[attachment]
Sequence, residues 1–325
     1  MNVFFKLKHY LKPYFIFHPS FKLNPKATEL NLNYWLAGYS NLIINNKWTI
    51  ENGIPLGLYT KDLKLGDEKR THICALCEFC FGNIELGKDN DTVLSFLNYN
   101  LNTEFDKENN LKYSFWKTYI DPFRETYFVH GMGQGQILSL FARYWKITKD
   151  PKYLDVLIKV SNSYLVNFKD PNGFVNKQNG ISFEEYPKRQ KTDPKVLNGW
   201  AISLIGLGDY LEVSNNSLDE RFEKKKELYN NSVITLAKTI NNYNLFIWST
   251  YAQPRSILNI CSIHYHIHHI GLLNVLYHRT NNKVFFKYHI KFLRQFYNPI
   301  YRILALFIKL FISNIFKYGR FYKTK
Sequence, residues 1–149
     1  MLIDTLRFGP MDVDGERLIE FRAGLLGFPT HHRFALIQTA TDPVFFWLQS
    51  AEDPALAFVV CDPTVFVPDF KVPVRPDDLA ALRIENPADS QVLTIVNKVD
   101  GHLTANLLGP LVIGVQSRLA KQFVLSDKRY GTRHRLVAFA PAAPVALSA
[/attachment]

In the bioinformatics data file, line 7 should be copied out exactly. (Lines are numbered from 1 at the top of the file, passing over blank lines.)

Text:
   251  YAQPRSILNI CSIHYHIHHI GLLNVLYHRT NNKVFFKYHI KFLRQFYNPI